,  October 23, 2018

Enhancing Migrant Populations' Access to HIV and AIDS Services, Information and Support (EMPHASIS) is Committed to: Universal Access - Continuum of Prevention to Care                                                                                                                                         Promoting Women's Empowerment                                                                                                                                         Dignity and Safety of the Mobile Populations

    
    
National level Advocacy Workshop on Cross Border Migrants in India
EMPHASIS-CARE India
Venue: India International Centre
25 June 2013

Background:

Placing women at the forefront of migration discourse, EMPHASIS calls for local, national, regional and global action on prioritizing migration, especially cross-border migration, as a development issue and for ensuring program and funding opportunities by Governments and donors. The purpose of the workshop is to create a platform to discuss various perspectives and experiences relating to specific points relating to; safety and dignity of migrants, harassment of migrants during travel, at the work place, health centers and in public spaces, HIV vulnerability of migrants, ensuring access to ART for all migrants in the continuum of mobility, and ensuring migrant friendly money transfer and banking mechanisms at source and destination.

 

Key Message from the Workshop:

Transnational migration of job-seeking labourers continues to bear a correlation with their risk of HIV infection but civil society organisations should work beyond healthcare to better the overall living conditions of the community which faces several kinds of vulnerability.

 

Immigrants from neighbouring Nepal are subject to discrimination and violence at workplace and public spaces apart from clinics and hospitals, besides being incapacitated without banking and money transfer mechanisms, pointed out speakers here at National Level Advocacy Workshop on Cross-Border Migrants in India. Just because they are cross-border migrants does not make them ineligible to basic human rights.

 

Individual Speakers:

 

“Our campaign is to ensure the security and dignity of the migrants,” said Rashmi Singh, Executive Director of National Mission for Empowerment of Women. “We cannot work on healthcare in isolation. For the benefit of the immigrants, non-governmental agencies must enable them to open bank accounts, facilitate micro-credit support, form self-help groups and provide education for the children of the families, among others,” she told delegates at the inaugural session on Access to Health and Other Services at Destination.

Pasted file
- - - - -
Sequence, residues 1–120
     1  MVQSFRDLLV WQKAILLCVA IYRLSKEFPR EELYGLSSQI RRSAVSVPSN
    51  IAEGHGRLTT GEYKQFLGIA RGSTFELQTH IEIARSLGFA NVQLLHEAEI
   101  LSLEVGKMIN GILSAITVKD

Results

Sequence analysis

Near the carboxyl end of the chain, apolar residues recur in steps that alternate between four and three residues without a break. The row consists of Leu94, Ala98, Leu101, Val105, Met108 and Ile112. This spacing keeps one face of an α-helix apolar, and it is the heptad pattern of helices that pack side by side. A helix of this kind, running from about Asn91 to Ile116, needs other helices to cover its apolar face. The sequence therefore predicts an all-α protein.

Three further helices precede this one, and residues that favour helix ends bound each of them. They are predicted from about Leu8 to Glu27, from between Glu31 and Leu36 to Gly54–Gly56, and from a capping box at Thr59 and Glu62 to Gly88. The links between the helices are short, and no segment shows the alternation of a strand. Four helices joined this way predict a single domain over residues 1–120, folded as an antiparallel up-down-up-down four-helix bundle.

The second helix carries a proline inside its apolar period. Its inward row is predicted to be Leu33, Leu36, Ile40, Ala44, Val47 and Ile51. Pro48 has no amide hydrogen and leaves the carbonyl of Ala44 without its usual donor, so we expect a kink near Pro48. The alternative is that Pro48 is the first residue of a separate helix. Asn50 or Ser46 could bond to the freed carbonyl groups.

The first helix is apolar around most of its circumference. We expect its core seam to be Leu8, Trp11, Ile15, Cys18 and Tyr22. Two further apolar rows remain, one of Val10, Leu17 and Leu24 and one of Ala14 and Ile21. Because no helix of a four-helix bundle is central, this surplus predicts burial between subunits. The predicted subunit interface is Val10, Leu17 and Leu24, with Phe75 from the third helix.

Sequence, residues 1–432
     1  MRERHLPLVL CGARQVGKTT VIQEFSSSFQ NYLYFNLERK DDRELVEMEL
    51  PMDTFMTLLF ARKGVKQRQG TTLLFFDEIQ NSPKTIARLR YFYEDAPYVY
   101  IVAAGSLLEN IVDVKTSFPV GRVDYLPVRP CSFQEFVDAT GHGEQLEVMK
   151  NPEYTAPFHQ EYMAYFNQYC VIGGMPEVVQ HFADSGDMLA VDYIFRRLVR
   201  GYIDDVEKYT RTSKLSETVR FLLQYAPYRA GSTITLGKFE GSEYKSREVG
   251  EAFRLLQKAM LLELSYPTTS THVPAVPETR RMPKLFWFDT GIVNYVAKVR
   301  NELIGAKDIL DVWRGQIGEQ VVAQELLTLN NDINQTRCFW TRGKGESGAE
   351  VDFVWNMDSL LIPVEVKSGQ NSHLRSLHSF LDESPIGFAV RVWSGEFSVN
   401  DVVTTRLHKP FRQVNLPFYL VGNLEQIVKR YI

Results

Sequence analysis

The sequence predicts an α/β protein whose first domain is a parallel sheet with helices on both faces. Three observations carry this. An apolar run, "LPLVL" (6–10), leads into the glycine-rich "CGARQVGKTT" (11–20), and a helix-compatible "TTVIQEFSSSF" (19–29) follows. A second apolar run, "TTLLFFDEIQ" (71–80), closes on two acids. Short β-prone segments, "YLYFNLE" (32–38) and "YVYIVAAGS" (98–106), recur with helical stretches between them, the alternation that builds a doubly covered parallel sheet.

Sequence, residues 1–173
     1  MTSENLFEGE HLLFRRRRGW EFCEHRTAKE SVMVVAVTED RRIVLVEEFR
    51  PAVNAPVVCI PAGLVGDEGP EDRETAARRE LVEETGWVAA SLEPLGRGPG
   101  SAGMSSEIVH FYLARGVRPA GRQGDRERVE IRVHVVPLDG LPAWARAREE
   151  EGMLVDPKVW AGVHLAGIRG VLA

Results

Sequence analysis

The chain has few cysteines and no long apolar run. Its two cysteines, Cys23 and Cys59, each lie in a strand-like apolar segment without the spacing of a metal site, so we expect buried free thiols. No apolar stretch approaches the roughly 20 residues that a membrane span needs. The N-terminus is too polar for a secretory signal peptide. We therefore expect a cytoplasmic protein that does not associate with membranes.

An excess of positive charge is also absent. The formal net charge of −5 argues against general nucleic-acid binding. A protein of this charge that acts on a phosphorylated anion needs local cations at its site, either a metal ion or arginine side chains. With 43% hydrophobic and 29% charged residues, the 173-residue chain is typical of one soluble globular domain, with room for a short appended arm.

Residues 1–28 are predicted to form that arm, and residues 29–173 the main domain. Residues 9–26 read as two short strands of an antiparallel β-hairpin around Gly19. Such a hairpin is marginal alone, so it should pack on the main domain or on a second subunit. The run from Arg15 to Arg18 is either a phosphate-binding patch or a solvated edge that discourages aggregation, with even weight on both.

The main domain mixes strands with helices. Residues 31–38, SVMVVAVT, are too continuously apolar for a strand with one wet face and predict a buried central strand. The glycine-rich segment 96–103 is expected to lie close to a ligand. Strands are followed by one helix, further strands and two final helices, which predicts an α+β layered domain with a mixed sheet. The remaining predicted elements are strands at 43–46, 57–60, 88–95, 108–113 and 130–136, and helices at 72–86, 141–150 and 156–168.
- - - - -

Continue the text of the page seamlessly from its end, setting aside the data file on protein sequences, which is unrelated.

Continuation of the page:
It is against this backdrop and primarily with a view to reduce the incidence of AIDS and HIV among immigrants from Nepal and Bangladesh that CARE launched Emphasis, pointed out Nabesh Bohidar, Team Leader (India) of the five-year project, which is South Asia’s only project for migrants at source, transit and destination. The pioneering initiative, launched in September 2009, is being implemented through 100-plus community-based partners and stakeholders, besides 700 peer educators.

 

“We have reached out to 300,000 Nepali and Bangla-speaking migrants so far,” he said, while listing out the challenges the community faces at the source, transit and destination.

Substantiating, Tahseen Alam, Regional Advocacy Manager at CARE, said societal stigma and lack of systemic support are what basically prompt many to move out of their countries.

 

“But at the transit point, they suffer harassment of officials, robbery and fraud. Worse, at the workplace subsequently, they undergo physical and sexual abuse, non-access to banking facilities in the resident city and inability to enjoy medical treatment and education on part with the natives of the country,” she added.

Journalist Shwetha Kannan noted that metropolises like Mumbai and Delhi are nearing saturation on the non-skilled labour front, which should prompt potential immigrants to look for fresh pastures in other cities and towns of the country.

 

“Most immigrant labourers work in big cities in inhuman conditions, but they cover up the reality when they visit their native village annually by showing off with gifts which are only bought from borrowed money. This spreads a false notion of their life, and triggers another round of immigrants,” she added.

 

Mamta Behera, Partnership Coordinator (Emphasis), noted that of the 671 Bangladeshis screened in Bangladesh under the project, 17 proved HIV positive — and all of them had a history of migration.

 

Subhash Chandra Ghosh, Programme Officer, Department of AIDS Control, said that it is important to build upon the SOPs developed by EMPHASIS for cross-border referral and linkage for accessing ART services. He suggested institutionalizing this mechanism through the SAARC.

 

Neetu Lamba, Programme Officer with International Labour Organisation, said the issues of migrant labourers should be seen holistically. “One shouldn’t just put all the blame on government,” she added at the session on Indo-Nepal Treaty and Rights of Migrants.

 

Ranabir Samaddar, director of Calcutta Research Group, noted that it would be untrue to believe that providing immigrants with identity proofs would solve much of their problems.



A third session on Financial Inclusion and Remittances saw Munal Jung Karki of Prabhu Money Transfer and Gaurav Yadava of  Western Union speaking on ways towards smooth remittances.

 

The other speakers included Jayakumar Kadimalla of Hindustan Latex Family Planning Promotion Trust, Amit Arora and Saibal Baroi of CARE India.

 

The final session chalked out ways to take forward Emphasis — the acronym for Enhancing Mobile Populations’ Access to Information, Services and Support.

 

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